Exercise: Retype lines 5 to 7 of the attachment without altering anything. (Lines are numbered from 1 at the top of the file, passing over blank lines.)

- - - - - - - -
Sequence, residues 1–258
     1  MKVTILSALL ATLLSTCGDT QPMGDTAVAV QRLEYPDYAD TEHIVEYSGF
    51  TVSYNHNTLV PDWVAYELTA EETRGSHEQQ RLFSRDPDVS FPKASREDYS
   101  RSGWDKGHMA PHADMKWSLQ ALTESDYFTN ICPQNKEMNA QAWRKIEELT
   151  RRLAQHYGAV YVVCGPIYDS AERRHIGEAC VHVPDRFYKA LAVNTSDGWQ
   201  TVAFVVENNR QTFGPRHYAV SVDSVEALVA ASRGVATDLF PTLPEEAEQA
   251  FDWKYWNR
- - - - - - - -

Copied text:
   151  RRLAQHYGAV YVVCGPIYDS AERRHIGEAC VHVPDRFYKA LAVNTSDGWQ
   201  TVAFVVENNR QTFGPRHYAV SVDSVEALVA ASRGVATDLF PTLPEEAEQA
   251  FDWKYWNR